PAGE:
Just as spring training arrives, so do the year's two Major League Baseball games. Though this season always reminds us of the gone-but-never-forgotten MVP franchise, we're happy to report that both offerings do the sport justice.
PS3 owners will have to make the decision between , as the latter is a PS3-exclusive title. That said, Xbox 360 owners won't be shut out of a good game, as 2K10 has finally broken the streak of disappointing baseball titles. In fact, this year's effort is the one of the best improvements year over year we've seen in a very long time.
Pitching in 2K10 remains the most difficult to master (pitching is done via two-step gestures with the right stick), but it only took us about five full games before we felt comfortable with our delivery. Where 2K has transferred most of the game's action (hitting and pitching) to the right thumb stick, MLB 10 remains traditional with more conventional button-based mechanics. We're not sure either way is the "right" way, but we definitely had an easier time making contact with the ball in The Show. Check swings in MLB 10 were also a nice advantage in the batter's box, as the game offers three different types of animations for doing so.
More so than in years past, both MLB 2K10 and MLB 10 allow the batter to see the ball fairly well, as we found ourselves taking pitches as often as we swung. The Show lets you guess an incoming pitch--ultimately giving you a better idea what's coming even if you're wrong--and 2K10 flashes the name of a pitch if it's not delivered perfectly.
Probably the most frustrating element of a bad baseball game is fielding, but this year both titles provide a very satisfying defensive experience. Animations are very realistic on both fronts, with diving catches and double plays sticking out the most. We couldn't help but notice the sort-of autopilot mode outfielders go in for pop-ups, but we suppose there isn't much to complain about with those routine plays.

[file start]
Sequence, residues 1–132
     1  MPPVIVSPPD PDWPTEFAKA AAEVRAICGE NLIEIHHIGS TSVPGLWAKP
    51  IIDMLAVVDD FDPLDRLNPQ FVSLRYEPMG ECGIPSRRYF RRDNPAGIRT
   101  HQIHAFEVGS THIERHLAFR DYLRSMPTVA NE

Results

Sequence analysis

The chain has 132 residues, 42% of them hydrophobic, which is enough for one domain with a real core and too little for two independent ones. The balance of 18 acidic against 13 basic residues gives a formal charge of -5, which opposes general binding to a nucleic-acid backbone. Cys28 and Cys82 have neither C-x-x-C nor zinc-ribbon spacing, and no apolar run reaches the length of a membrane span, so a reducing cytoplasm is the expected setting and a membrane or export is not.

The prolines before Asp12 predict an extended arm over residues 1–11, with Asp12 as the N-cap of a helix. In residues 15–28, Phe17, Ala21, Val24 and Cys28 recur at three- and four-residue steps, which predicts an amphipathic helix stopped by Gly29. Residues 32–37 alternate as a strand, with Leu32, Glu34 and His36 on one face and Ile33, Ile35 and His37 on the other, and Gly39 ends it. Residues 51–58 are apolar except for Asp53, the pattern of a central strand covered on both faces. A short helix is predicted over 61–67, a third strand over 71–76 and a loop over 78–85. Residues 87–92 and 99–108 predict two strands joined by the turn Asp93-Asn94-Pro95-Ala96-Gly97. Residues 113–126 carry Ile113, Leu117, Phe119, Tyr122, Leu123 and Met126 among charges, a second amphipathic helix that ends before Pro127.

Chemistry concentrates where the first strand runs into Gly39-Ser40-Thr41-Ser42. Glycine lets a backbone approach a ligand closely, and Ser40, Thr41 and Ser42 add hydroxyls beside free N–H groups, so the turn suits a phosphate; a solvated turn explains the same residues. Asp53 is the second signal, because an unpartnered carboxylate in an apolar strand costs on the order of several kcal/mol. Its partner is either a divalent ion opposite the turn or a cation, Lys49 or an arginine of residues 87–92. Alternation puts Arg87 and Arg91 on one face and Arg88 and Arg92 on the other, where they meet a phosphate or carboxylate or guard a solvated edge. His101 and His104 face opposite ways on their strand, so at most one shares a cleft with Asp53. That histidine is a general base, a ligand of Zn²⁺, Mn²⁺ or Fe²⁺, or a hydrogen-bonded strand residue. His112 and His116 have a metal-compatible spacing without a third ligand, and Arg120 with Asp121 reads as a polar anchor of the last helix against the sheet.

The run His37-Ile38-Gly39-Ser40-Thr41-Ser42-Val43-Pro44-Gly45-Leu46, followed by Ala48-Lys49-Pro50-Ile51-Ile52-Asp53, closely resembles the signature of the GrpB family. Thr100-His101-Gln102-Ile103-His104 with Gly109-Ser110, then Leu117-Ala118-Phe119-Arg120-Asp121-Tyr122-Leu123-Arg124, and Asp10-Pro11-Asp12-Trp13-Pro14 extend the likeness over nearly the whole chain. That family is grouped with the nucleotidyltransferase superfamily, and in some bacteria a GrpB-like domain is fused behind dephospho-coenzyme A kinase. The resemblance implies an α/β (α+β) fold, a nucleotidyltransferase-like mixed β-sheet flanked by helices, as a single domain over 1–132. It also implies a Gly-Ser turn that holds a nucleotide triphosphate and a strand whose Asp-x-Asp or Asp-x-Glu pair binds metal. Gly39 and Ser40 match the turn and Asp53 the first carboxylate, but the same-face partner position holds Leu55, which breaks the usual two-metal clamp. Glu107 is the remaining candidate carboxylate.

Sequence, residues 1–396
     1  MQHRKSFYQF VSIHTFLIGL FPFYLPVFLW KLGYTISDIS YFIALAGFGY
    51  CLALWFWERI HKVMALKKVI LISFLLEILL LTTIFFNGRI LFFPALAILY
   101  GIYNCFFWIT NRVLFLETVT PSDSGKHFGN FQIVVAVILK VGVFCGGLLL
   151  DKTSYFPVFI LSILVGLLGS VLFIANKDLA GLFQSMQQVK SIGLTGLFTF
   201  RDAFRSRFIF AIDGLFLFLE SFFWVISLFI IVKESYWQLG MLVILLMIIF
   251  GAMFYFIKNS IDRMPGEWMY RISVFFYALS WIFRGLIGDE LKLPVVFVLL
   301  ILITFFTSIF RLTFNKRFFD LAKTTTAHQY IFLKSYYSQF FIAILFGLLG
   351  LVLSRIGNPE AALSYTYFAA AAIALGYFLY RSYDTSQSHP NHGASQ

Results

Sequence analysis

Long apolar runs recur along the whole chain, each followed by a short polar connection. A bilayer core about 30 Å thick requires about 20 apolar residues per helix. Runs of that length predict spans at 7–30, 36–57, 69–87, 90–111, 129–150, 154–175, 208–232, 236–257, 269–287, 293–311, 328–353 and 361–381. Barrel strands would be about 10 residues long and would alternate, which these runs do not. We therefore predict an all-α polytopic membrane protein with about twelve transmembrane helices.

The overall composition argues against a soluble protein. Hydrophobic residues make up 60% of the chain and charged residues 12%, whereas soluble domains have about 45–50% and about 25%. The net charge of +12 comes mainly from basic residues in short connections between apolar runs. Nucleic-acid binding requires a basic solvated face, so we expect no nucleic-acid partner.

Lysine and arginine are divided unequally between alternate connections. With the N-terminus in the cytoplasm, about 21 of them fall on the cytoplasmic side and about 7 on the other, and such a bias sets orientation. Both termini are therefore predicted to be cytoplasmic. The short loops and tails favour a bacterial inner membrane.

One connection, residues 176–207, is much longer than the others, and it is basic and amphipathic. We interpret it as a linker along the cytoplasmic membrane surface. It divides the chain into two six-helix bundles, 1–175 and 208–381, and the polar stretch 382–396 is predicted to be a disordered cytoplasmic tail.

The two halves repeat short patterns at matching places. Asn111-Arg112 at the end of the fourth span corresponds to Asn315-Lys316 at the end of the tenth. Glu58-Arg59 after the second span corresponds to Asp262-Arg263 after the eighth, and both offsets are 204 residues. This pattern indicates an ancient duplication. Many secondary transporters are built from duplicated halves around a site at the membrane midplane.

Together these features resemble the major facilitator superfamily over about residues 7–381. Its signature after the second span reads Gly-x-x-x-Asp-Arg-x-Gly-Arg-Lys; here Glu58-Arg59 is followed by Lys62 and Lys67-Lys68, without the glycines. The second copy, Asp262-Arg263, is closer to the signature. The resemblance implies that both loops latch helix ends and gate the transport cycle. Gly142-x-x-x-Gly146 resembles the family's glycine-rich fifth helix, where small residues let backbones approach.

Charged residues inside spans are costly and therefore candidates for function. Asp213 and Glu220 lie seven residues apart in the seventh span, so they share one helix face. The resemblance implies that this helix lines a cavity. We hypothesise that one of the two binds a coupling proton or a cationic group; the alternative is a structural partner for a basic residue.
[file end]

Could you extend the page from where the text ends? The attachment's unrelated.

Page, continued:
We really enjoyed MLB 2K10's new MLB Today feature, that (with an Internet connection) keeps your game fully updated with the latest rosters, scratches, and injuries. There's a certain satisfaction in playing with a lineup that reflects what's going on in spring training, opposed to playing MLB 10 with fully loaded teams and players who won't be healthy in time for opening day.
MLB 2K10 has completely revamped its presentation, and the end result is a more TV-centric experience than what's found in The Show. MLB 10's overall action is probably a bit more realistic, speaking from a baseball sim standpoint, but 2K10's packaging felt more like a broadcast.
It should be clear that we're very pleased with both baseball games this year. Ultimately, the decision to buy should be made depending on which console you own and whether you prefer button-based action or the adoption of the right thumb stick. Sure, both games offer improvements over their predecessors, but the advancements in MLB 2K10 far outweigh those in MLB 10: The Show.
Every season for at least as many years as I can recently remember, MLB 2K10 and The Show have faced off, with The Show becoming widely regarded as the premier baseball game, and 2K10 holding court as the only multiplatform option. From the perspective of simple, easy-to-pick-up play, MLB The Show 10 still wins out. The reason, simply enough, is the continued Madden-like adoption of most old-school controls rather than inventing new ones. This lets old players and even PSP players slip right in and get comfy, and spend the time saved on nuances in gameplay. Graphically, The Show still looks fantastic, with realistic ball travel and perfect lighting, but the step forward from '09 isn't as dramatic as last year's.